The internet is a great thing, but unfortunately there are still a lot of nutrition myths out there! With all that information, what and who to believe can be a challenge.
Despite huge advances in nutritional science, many practitioners are still getting it wrong. I’ve read a few things recently that I’m frustrated about so I'm myth-busting today! Here are my top 10 nutrition myths.
- ‘Eat little and often'
One of the biggest nutrition myths STILL being advised by nutritionists, dieticians, and other health practitioners (just seen it on Jamie Oliver's site…!) – latest research shows that UNLESS you are diabetic or have hypoglemic episodes (eg get dizzy or faint if you don’t eat regularly), the body generally doesn’t do that well on grazing all day long.
That’s because every time we eat, we produce insulin, too much insulin means too much fat storing and inflammation. If you leave 4-6 hours between eating you give the body the chance to use up your sugar stores and start burning fat for energy. If you’re constantly eating, you will only be burning sugar, so you’ll find it hard to lose weight, and you'll be stuck on the Blood Sugar roller coaster which can affect your energy, mood and brain function. Check out Time Restricted Eating for a way to mimic fasting.
- ‘Saturated fat causes heart disease'
We’ve been told to avoid saturated fat since the 1950’s when a study was done by a man called Ancel Keyes. He linked dietary fat with heart disease but the study was severely flawed as he was selective about what he published.
Since then we have been told to avoid Saturated Fats and eat more Polyunsaturated fats – eg vegetable oils. Obesity and heart disease have rocketed as naturally we are replacing fat with carbs, and the problem with PUFA's (Polyunsaturated Fatty Acids) is that they are very unstable and can turn into trans fats when heated and treated (eg most processed foods). They are also richer in Omega 6 fats which can be inflammatory.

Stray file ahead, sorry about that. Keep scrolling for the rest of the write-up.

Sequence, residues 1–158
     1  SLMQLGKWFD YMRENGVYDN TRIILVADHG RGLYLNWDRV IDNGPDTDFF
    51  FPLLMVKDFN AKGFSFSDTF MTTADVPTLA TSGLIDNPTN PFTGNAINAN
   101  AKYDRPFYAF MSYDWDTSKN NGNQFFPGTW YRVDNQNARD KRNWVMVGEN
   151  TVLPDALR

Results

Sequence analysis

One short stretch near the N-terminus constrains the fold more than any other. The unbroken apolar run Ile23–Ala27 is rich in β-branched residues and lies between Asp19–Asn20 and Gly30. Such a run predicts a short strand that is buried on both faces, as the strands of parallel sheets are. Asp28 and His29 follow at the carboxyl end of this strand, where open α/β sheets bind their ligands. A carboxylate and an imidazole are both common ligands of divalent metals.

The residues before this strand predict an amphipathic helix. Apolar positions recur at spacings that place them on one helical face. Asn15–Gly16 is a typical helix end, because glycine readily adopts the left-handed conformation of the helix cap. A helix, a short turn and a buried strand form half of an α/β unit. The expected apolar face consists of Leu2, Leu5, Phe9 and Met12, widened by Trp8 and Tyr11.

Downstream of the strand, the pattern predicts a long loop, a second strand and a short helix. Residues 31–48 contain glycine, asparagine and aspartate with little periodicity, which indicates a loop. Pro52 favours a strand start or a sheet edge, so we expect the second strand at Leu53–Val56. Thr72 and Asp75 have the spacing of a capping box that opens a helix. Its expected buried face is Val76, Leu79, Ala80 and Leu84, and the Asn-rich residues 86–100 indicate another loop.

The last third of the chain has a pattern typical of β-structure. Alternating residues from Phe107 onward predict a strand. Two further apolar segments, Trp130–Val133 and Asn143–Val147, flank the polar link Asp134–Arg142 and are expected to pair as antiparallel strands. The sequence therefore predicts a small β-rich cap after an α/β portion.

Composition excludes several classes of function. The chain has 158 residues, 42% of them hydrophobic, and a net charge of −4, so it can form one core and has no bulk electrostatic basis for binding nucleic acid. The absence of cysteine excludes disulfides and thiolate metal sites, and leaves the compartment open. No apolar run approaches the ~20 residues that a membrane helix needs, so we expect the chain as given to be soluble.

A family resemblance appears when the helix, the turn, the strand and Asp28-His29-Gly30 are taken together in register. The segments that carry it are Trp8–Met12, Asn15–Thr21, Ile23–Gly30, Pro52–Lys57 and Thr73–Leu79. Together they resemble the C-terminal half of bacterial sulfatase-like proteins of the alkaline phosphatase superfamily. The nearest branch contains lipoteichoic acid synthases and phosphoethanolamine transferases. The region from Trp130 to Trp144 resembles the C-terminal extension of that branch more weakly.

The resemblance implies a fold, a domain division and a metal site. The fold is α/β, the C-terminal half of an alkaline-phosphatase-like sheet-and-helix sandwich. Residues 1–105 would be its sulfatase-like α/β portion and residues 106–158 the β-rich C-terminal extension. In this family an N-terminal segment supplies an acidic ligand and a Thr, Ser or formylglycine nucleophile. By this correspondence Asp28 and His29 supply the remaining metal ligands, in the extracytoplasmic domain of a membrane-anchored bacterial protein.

And as for cholesterol, recent studies have shown that Saturated fat actually raises HDL (our good cholesterol). And sorry Jamie O, I do love what you're doing, but coconut oil IS good for you!
3. ‘Skimmed milk and low fat yoghurts are healthy'
When you remove the fat from a food (by processing it), you remove the taste. So they have to replace it with something, which is usually sugar or chemicals. Natural foods contain fat for a reason. It’s there because we need fat as a nutrient for our hormones and cells, it’s there to help us absorb the fat soluble vitamins (A, D, E, K), it doesn’t raise blood sugar, it fills you up so you’re not reaching for a snack later and it tastes good!
Choose full fat organic milk and natural yoghurts over anything low fat.
- ‘The vegan diet is the most healthy diet'
Firstly , there’s no such thing as a one size fits all diet. I’ve know people that thrive on a vegan diet and some who have suffered badly.
Secondly, you can have a really healthy vegan diet, and a really unhealthy one, full of processed foods, meat substitutes, refined carbs and junk (one recent vegan client was eating chips and bread all day).
- ‘Carbs are bad for you!'
‘Don't eat carbs' is one of the most annoying nutrition myths. If you don’t eat any carbs you are going to be ill! Carbohydrates are a macronutrient, needed for lots of processes in the body. The thing you need to be aware of is the typeof carbs you’re eating, not the fact that they are carbs!